And that lovely picture you was kind to share does very well fit to your version of reality 🙂 And do agree – do not believe in everything you find on the internet – thats why you need to verify things. I happened to find your blog post when veryfing something else.
            It was very interesting to chat with you.

          • Brad Taylor October 9, 2015 at 11:46 am

            Thank you, but using flawed information to “verify” flawed information results in confirmation bias. Thanks for being civil despite disagreeing with my post.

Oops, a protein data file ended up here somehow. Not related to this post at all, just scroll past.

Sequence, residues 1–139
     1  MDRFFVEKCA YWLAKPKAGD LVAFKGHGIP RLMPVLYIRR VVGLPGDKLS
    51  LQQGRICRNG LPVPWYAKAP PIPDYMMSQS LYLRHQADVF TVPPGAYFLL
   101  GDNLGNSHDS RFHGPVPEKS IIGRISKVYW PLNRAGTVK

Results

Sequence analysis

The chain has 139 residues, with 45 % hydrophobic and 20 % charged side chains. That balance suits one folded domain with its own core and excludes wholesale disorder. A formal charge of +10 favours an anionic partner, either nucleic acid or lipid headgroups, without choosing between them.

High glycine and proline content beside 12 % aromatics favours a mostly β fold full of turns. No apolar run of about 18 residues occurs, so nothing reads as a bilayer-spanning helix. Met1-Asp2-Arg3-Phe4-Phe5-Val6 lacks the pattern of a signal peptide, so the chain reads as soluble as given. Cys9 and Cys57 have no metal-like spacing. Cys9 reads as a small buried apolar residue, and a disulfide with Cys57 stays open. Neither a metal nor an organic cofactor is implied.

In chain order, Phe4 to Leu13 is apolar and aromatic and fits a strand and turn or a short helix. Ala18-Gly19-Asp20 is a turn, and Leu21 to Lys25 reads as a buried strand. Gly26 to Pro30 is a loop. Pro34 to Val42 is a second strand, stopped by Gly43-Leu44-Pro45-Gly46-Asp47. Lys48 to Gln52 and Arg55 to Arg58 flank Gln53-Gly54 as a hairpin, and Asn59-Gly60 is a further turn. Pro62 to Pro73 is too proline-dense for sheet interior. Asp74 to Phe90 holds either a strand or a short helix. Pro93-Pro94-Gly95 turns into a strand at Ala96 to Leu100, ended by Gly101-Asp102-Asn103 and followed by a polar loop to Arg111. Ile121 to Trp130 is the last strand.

• Greg October 9, 2015 at 12:09 pm

            Brad, I would honestly be the happiest man in the world (or at least one of the most happy man) if what you saying is true. And I do hope I’m wrong (although my biased sources of information – many of them – are pointing to the same direction which rather frightens me). Thanks, that was a good conversation.